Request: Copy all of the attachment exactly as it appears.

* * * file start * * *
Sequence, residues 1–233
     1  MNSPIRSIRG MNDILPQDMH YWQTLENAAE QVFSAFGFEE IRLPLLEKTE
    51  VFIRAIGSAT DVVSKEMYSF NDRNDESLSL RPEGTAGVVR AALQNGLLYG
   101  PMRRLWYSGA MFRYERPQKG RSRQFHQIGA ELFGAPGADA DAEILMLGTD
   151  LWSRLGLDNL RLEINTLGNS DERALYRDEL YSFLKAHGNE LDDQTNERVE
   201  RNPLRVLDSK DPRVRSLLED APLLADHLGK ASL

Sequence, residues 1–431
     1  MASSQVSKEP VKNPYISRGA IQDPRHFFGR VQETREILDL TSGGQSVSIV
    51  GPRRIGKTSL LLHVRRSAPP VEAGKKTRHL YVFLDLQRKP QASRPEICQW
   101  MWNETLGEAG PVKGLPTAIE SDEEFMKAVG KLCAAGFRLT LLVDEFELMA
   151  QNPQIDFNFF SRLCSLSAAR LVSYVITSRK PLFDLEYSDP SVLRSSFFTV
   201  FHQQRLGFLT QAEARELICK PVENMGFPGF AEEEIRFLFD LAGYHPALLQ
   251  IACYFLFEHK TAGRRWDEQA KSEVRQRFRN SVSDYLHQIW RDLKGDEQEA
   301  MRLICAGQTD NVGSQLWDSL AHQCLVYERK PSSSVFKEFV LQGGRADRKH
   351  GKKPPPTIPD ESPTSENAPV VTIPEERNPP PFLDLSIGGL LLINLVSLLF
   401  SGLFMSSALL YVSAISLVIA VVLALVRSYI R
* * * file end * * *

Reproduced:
Sequence, residues 1–233
     1  MNSPIRSIRG MNDILPQDMH YWQTLENAAE QVFSAFGFEE IRLPLLEKTE
    51  VFIRAIGSAT DVVSKEMYSF NDRNDESLSL RPEGTAGVVR AALQNGLLYG
   101  PMRRLWYSGA MFRYERPQKG RSRQFHQIGA ELFGAPGADA DAEILMLGTD
   151  LWSRLGLDNL RLEINTLGNS DERALYRDEL YSFLKAHGNE LDDQTNERVE
   201  RNPLRVLDSK DPRVRSLLED APLLADHLGK ASL

Sequence, residues 1–431
     1  MASSQVSKEP VKNPYISRGA IQDPRHFFGR VQETREILDL TSGGQSVSIV
    51  GPRRIGKTSL LLHVRRSAPP VEAGKKTRHL YVFLDLQRKP QASRPEICQW
   101  MWNETLGEAG PVKGLPTAIE SDEEFMKAVG KLCAAGFRLT LLVDEFELMA
   151  QNPQIDFNFF SRLCSLSAAR LVSYVITSRK PLFDLEYSDP SVLRSSFFTV
   201  FHQQRLGFLT QAEARELICK PVENMGFPGF AEEEIRFLFD LAGYHPALLQ
   251  IACYFLFEHK TAGRRWDEQA KSEVRQRFRN SVSDYLHQIW RDLKGDEQEA
   301  MRLICAGQTD NVGSQLWDSL AHQCLVYERK PSSSVFKEFV LQGGRADRKH
   351  GKKPPPTIPD ESPTSENAPV VTIPEERNPP PFLDLSIGGL LLINLVSLLF
   401  SGLFMSSALL YVSAISLVIA VVLALVRSYI R